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Discovering transgenic elite events: using information from early screening trials for improving experimental design

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Abstract
The transgenic improvement of a commercial crop requires a suitable transgene as well as a suitable insertion location in the crop's genome. An elite event is a successful insertion of an active transgene, and many events need to be screened to detect such elite events. This is expensive, hence optimization is needed. The screening of events in a commercial crop is usually preceded by the screening of genes in an easily transformable test plant, either a non-commercial variety of the crop or another species. This first phase mainly aims at discovering active genes. The results from the first phase can also be utilized to predict the probability of finding elite events with similar or larger effects in the commercial crop, making use of estimated variance components in the mixed model framework. The theoretical relationship between these variance components and the probability to discover in the second phase an event with an effect of a predefined magnitude is studied. The consequences of having to estimate the variance components from a first phase experiment are studied through simulations. These show that, in order to be useful to assist in the design of the second phase, the first phase should involve a large number of events, typically more than 30. The number of events is much more important than the number of plants within an event. The approach is applied to real data obtained in a commercial screening facility.
Keywords
VARIABILITY, Gene screening, Insertion variability, Mixed models, Transgenic crop improvement, Somaclonal variance, Variance components

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Chicago
De Wolf, J, Luc Duchateau, G Verbeke, and E Schrevens. 2010. “Discovering Transgenic Elite Events: Using Information from Early Screening Trials for Improving Experimental Design.” Journal of Agricultural Biological and Environmental Statistics 15 (3): 403–415.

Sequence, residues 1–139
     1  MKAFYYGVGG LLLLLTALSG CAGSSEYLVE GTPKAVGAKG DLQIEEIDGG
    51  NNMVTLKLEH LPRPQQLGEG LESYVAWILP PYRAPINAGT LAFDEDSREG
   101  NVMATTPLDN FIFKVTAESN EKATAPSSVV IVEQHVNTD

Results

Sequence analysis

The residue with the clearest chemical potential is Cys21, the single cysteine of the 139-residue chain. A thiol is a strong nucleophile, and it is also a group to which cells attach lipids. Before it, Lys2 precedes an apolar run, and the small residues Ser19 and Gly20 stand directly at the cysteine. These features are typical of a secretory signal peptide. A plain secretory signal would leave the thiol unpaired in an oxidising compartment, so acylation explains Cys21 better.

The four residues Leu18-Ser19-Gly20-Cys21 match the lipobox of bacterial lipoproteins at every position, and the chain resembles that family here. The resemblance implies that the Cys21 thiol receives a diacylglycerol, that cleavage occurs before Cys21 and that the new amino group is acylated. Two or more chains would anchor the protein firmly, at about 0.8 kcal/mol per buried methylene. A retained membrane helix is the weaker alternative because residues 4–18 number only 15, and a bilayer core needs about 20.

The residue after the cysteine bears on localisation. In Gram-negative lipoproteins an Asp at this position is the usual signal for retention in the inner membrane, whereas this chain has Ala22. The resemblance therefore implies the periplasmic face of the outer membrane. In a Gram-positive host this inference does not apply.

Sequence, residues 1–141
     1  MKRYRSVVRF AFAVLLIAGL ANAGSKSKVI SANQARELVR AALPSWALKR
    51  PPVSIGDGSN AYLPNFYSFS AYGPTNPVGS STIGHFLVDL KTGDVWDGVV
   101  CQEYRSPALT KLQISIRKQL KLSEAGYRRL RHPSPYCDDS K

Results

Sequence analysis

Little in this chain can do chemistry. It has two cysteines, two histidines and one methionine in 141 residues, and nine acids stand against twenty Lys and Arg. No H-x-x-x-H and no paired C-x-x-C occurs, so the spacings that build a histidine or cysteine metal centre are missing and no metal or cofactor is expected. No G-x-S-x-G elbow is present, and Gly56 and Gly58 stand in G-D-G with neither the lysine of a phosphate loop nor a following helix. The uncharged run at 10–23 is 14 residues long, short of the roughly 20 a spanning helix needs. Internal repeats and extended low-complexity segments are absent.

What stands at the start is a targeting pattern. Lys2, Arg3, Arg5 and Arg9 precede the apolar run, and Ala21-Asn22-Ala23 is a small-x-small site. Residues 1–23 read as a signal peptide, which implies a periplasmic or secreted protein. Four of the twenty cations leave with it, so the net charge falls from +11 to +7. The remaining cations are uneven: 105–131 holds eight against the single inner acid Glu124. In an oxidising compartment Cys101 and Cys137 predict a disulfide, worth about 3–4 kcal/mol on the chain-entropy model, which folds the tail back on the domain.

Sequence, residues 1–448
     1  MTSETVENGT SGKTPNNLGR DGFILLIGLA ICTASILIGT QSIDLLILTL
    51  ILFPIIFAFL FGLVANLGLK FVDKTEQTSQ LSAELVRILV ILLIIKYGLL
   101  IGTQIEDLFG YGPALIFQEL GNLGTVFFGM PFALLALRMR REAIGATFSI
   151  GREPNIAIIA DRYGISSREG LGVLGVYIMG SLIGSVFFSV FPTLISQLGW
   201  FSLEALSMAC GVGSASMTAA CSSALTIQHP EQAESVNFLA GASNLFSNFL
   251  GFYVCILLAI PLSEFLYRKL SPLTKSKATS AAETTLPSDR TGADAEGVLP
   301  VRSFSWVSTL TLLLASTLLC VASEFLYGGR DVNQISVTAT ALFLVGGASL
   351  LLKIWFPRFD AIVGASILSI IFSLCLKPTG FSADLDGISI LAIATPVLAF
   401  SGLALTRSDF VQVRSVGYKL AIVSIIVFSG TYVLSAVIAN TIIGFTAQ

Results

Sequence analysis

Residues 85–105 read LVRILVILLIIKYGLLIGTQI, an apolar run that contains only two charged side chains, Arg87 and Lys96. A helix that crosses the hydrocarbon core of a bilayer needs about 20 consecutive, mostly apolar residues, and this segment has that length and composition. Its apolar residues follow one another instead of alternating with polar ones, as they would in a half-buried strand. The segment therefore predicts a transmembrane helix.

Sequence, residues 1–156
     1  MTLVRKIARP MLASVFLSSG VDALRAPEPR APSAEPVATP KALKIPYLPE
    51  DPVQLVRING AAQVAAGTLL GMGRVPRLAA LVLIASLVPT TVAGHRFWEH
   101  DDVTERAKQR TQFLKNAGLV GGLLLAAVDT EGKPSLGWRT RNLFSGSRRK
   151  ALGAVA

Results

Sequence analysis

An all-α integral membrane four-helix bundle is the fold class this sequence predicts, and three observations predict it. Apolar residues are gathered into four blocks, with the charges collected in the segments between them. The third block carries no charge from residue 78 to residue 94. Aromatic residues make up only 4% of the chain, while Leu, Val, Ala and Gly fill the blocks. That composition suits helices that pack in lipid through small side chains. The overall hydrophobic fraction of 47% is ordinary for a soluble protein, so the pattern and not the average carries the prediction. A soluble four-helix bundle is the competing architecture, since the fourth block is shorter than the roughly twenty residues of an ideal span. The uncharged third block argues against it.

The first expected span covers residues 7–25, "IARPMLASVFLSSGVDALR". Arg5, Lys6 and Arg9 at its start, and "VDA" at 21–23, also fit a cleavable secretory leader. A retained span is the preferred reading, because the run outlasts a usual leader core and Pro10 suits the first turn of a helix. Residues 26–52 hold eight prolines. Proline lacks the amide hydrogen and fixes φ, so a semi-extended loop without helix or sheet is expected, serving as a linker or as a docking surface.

APA
De Wolf, J, Duchateau, L., Verbeke, G., & Schrevens, E. (2010). Discovering transgenic elite events: using information from early screening trials for improving experimental design. JOURNAL OF AGRICULTURAL BIOLOGICAL AND ENVIRONMENTAL STATISTICS, 15(3), 403–415.
Vancouver
1.
De Wolf J, Duchateau L, Verbeke G, Schrevens E. Discovering transgenic elite events: using information from early screening trials for improving experimental design. JOURNAL OF AGRICULTURAL BIOLOGICAL AND ENVIRONMENTAL STATISTICS. 2010;15(3):403–15.
MLA
De Wolf, J, Luc Duchateau, G Verbeke, et al. “Discovering Transgenic Elite Events: Using Information from Early Screening Trials for Improving Experimental Design.” JOURNAL OF AGRICULTURAL BIOLOGICAL AND ENVIRONMENTAL STATISTICS 15.3 (2010): 403–415. Print.
@article{1235113,
  abstract     = {The transgenic improvement of a commercial crop requires a suitable transgene as well as a suitable insertion location in the crop's genome. An elite event is a successful insertion of an active transgene, and many events need to be screened to detect such elite events. This is expensive, hence optimization is needed.
The screening of events in a commercial crop is usually preceded by the screening of genes in an easily transformable test plant, either a non-commercial variety of the crop or another species. This first phase mainly aims at discovering active genes. The results from the first phase can also be utilized to predict the probability of finding elite events with similar or larger effects in the commercial crop, making use of estimated variance components in the mixed model framework. The theoretical relationship between these variance components and the probability to discover in the second phase an event with an effect of a predefined magnitude is studied. The consequences of having to estimate the variance components from a first phase experiment are studied through simulations. These show that, in order to be useful to assist in the design of the second phase, the first phase should involve a large number of events, typically more than 30. The number of events is much more important than the number of plants within an event. The approach is applied to real data obtained in a commercial screening facility.},
  author       = {De Wolf, J and Duchateau, Luc and Verbeke, G and Schrevens, E},
  issn         = {1085-7117},
  journal      = {JOURNAL OF AGRICULTURAL BIOLOGICAL AND ENVIRONMENTAL STATISTICS},
  keyword      = {VARIABILITY,Gene screening,Insertion variability,Mixed models,Transgenic crop improvement,Somaclonal variance,Variance components},
  language     = {eng},
  number       = {3},
  pages        = {403--415},
  title        = {Discovering transgenic elite events: using information from early screening trials for improving experimental design},
  url          = {http://dx.doi.org/10.1007/s13253-010-0022-x},
  volume       = {15},
  year         = {2010},
}

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